Meeting Sr. Miriam Therese Winter, MMS, one of my idols. (Photo by Sr. Judy MacDonell, MMS)

Since today’s reflection focuses on the image of God as a grandparent, I chose a song that I’m dedicating to all of you who are grandparents or who might be missing your grandparents right now. It’s called: “Child of My Child: A Grandparent’s Prayer.” It’s put out by New Family Music and is sung by Jennifer.

I welcome you to comment below. We all enjoy hearing from you!

9 Responses

  1. What a beautiful reflection, Sister!!

    Can your IT Department perhaps ‘unsubscribe’ everyone and then ‘resubscribe’ us, or we can resubscribe ourselves….

    1. Loved the Helping Hand and all the contemplations that went with it. So touching. I have missed your blog due to this issue and hope it can be resolved soon Sister. Thanks so much

  2. My grandfathers died before my parents were married. I got to “experience” a grandfather when i watched my father interact with Tim’s daughter.
    I did get to know my grandmothers.
    Thanks for the dialog.

  3. Oh my gosh!! I have to send this blog to my sister! She and I are Irish twins and we grew up singing the Medical Mission Sisters’ songs that we learned by listening to my mother’s vinyl records. Sebastian Temple was another of our favorites. We lived in eastern Pennsylvania, not far from Philadelphia. When you first mentioned your retreat, I wondered if it was the same order, and now I know. What a blast from the past!! THANK YOU!!

  4. Thank you for that song! I am going to send it to all seven of my grandchildren. It is perfect.
    I get your bulletins by clicking on your website so I don’t miss them.
    I so appreciate all you do!
    I know God is blessing you real good!

  5. I’ve missed your blogs………….finally just did a search for them and love this one! I remember hearing the Joy is Like the Rain songs in grade school and then used them when I was teaching CCD in high school!! How nice for your to meet her!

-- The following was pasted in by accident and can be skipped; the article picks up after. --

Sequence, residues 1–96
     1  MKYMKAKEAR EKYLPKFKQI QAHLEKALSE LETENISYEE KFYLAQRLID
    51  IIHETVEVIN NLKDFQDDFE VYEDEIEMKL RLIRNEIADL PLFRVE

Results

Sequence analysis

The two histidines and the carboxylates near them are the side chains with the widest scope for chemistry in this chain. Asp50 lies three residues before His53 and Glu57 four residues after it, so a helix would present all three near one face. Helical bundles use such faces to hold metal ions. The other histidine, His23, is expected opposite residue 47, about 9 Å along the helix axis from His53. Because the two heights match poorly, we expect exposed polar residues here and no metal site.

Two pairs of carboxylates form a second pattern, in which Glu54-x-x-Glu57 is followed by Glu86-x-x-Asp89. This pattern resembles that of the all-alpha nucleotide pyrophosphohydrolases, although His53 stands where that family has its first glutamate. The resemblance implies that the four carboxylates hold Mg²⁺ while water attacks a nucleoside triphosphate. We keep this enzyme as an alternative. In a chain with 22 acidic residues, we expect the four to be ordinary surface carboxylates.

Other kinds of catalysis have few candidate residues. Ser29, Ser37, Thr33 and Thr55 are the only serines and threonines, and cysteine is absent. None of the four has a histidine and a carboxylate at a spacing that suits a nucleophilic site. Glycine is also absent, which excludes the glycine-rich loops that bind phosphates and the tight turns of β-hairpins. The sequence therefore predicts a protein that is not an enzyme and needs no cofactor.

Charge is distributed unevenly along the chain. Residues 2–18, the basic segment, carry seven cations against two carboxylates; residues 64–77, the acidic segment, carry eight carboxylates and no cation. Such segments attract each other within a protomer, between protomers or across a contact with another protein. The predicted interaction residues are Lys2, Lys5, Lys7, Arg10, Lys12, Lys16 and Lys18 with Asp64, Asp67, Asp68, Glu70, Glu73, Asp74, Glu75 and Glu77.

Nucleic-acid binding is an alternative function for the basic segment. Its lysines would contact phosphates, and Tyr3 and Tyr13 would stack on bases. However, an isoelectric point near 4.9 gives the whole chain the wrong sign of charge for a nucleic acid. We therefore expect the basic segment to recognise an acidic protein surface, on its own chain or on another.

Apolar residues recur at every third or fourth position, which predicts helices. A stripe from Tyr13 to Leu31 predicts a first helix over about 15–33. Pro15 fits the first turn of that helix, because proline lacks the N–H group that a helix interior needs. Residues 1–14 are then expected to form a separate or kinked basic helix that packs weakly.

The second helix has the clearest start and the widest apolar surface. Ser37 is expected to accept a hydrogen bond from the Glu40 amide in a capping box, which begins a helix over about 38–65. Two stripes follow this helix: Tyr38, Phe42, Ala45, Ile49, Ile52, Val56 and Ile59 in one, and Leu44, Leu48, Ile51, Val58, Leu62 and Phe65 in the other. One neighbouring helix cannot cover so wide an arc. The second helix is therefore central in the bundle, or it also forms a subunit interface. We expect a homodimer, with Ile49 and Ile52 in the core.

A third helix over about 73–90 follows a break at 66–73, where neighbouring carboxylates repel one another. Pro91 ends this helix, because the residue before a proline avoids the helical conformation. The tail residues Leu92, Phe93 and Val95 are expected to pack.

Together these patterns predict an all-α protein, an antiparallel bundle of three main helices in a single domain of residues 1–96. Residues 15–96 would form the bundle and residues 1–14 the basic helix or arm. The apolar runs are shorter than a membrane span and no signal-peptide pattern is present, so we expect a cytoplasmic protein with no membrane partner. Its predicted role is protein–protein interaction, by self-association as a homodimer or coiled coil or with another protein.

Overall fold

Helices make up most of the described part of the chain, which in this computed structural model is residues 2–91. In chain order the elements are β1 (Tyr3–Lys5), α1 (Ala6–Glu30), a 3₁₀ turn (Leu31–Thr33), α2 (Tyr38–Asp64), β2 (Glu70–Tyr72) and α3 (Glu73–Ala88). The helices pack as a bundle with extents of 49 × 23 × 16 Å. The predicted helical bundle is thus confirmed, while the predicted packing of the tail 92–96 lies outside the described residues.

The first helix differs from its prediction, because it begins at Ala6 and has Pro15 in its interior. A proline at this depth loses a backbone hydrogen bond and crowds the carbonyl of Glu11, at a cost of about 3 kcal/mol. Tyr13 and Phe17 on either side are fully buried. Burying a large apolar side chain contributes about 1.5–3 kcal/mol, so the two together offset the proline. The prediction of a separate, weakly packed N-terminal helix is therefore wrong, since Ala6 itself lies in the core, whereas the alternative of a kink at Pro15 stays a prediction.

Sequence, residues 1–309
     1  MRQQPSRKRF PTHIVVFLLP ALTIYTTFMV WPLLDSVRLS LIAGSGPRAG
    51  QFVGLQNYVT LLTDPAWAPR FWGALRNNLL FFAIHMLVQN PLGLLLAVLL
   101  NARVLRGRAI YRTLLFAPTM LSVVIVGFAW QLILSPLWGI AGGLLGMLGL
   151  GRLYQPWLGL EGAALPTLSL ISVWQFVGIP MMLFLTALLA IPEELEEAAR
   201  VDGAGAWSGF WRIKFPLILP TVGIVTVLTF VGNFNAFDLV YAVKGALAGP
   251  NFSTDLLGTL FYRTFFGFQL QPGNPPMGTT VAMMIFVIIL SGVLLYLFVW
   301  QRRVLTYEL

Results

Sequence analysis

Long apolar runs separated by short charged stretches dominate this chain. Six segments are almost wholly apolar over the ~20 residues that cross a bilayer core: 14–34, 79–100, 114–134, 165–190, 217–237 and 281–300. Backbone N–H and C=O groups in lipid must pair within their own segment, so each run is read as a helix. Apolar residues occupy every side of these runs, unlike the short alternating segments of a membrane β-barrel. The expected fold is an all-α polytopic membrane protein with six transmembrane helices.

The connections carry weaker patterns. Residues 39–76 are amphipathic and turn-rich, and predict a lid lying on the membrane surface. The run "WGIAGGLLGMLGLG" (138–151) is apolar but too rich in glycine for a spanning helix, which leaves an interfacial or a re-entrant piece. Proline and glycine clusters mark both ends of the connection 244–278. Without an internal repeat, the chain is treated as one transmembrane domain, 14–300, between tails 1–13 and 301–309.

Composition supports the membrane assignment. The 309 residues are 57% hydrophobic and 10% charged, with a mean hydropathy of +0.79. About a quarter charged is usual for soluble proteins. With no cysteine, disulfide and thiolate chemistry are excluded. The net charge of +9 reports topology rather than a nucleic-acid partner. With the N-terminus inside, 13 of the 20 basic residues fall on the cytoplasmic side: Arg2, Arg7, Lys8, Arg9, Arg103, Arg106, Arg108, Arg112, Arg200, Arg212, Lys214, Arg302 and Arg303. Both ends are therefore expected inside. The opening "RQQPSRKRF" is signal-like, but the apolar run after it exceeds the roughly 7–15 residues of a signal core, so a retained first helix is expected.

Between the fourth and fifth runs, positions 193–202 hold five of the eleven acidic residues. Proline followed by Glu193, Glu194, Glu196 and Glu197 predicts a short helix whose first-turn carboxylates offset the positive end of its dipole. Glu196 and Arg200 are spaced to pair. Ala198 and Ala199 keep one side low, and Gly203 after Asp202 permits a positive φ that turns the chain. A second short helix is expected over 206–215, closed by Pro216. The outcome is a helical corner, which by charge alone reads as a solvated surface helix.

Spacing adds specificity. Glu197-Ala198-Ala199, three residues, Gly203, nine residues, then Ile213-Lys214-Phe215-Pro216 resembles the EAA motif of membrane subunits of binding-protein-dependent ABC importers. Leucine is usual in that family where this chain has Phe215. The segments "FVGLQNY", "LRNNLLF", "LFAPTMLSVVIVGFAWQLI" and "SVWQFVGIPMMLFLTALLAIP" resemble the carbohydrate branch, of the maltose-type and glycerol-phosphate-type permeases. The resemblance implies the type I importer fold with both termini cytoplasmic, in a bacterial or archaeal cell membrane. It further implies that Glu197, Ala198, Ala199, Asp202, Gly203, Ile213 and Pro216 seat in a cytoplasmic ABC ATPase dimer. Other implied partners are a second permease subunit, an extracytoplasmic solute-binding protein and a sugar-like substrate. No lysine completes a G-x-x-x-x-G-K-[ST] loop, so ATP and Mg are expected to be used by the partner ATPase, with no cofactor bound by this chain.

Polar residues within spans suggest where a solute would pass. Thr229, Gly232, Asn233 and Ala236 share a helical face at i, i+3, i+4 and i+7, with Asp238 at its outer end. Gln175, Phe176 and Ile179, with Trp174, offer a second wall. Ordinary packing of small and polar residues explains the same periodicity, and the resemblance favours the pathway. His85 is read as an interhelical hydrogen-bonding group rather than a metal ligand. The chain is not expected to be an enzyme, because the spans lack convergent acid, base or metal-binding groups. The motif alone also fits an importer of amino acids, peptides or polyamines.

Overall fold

The painting and your dialogue is beautiful!
    The song brought a tear to my eye…………..we try our best with our children and then they’re trying with their children and we are there to help.
    I am thankful for my grandparents everyday.

    Thank you,
    PS. I sent you an email…………..

  6. When I was on my first teaching assignment in 1969 the 4 medical missionary singers gave a concert in town. What a beautiful evening it was.

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Hi and welcome to my blog! I’m Sister Melannie, a Sister of Notre Dame residing in Chardon, Ohio, USA. I’ve been very lucky! I was raised in a loving family on a small farm in northeast Ohio. I also entered the SNDs right after high school. Over the years, my ministries have included high school and college teaching, novice director, congregational leadership, spiritual direction, retreat facilitating, and writing. I hope you enjoy “Sunflower Seeds” and will consider subscribing below. I’d love to have you in our “sunflower community.” Thank you!